Calls for Reform to Tax System to Apply to Individuals Overseas
In a recent survey of members completed by AmCham Singapore, 25% of business representatives indicate that the U.S. policy on taxing its citizens on their global income impacted their company’s hiring of Americans for positions. With over 4,200 American companies operating throughout the city state, more than 1,000 U.S. companies in Singapore could be hiring foreigners over Americans because of the practice of taxing U.S. citizens on their worldwide income.
The United States is one of only two countries in the world that taxes its citizens on their global income. This system results in an un-level playing field as American citizens compete for jobs abroad, including with U.S. companies, as foreigners who are less expensive to employ given the tax rate in Singapore.
As Singapore is a trade and investment gateway to the region, with AmCham Singapore the home for many U.S. regional headquarters, 75% of the survey respondents confirmed that their company hires for regional roles in Singapore, such as head of Human Resources for Asia or ASEAN. In addition, more than 85% responded that their company has decision-making authority when it comes to the sourcing of goods and services from Singapore. The majority of respondents indicated that it is the company’s CEO, CFO, COO or Managing Director making the decisions related to the tender process and/or the hiring of accounting firms, law firms and public relations firms.
“If Americans were hired for these senior corporate roles, their familiarity, prior experience and business networks means there is often continuity in maintaining business relationships with American firms for services such as accounting, legal and public relations,” said Steve Okun, AmCham Governor.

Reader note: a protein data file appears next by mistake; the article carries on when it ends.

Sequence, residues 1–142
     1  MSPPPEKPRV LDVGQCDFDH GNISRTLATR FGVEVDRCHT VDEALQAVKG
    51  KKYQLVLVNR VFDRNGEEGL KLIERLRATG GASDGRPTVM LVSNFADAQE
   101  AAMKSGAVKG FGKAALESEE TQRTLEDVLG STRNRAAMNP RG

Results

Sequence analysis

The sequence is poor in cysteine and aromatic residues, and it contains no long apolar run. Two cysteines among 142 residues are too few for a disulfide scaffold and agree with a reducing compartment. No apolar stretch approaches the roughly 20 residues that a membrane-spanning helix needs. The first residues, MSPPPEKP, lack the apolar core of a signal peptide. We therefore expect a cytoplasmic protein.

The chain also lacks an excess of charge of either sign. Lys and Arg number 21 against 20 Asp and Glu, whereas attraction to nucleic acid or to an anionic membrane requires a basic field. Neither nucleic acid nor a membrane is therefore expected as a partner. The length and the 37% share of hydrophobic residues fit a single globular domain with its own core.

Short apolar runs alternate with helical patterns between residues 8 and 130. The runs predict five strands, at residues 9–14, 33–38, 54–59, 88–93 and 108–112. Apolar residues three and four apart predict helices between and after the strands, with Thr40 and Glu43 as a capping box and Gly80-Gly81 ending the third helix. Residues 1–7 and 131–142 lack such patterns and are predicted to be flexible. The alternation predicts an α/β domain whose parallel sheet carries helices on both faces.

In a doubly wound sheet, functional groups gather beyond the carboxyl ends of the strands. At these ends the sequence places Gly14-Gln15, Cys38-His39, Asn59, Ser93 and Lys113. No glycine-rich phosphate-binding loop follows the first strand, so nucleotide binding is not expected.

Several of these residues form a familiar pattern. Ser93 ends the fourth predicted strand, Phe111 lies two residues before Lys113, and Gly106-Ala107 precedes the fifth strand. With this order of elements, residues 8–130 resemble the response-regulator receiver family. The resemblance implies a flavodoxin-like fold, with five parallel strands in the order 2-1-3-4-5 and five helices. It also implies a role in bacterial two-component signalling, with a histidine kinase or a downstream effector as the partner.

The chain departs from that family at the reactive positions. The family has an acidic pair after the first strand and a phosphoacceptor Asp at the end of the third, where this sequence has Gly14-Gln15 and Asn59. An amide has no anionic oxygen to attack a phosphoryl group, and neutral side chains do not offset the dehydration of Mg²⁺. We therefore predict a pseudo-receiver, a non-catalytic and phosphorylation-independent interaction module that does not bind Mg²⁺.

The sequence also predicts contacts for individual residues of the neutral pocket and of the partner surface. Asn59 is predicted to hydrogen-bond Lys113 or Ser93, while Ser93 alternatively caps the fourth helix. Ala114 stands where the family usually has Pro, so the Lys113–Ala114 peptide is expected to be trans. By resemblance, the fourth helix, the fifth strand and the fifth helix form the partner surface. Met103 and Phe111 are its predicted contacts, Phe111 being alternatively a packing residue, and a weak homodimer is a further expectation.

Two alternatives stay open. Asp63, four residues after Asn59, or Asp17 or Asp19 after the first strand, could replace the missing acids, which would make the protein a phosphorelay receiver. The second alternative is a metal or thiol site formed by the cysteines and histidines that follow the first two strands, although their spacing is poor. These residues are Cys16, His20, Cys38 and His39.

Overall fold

“While the ‘made in America’ label remains strong in Singapore and throughout the region, the ‘hire America’, or at least ‘hire Americans’, is not so much,” said Dwight Hutchins, Chairman, AmCham Board of Governors.
Survey results indicate that only 10% of U.S. headquartered multi-national corporations (MNCs) with an office in Singapore have a workforce consisting of Americans filling 20% or more of the positions of country manager, regional vice president and above.
As the Trump Administration and U.S. Congress undertake major reforms to the nation’s tax system that includes a territorial tax system for U.S. corporations, so too, should such a principle be applied for citizens. “We urge U.S. policymakers to adopt a system in which U.S. citizens overseas compete on a level playing field with their foreign counterparts, such as through a residence-based taxation for individuals or the raising of the amount of the Foreign Earned Income Exclusion,” said Ann Yom Steel, Executive Director, AmCham Singapore. “Only by including individuals as well as corporations in territorial tax reform will there be a level playing field, which will promote U.S. exports and create more investment and jobs for U.S. companies and American citizens.”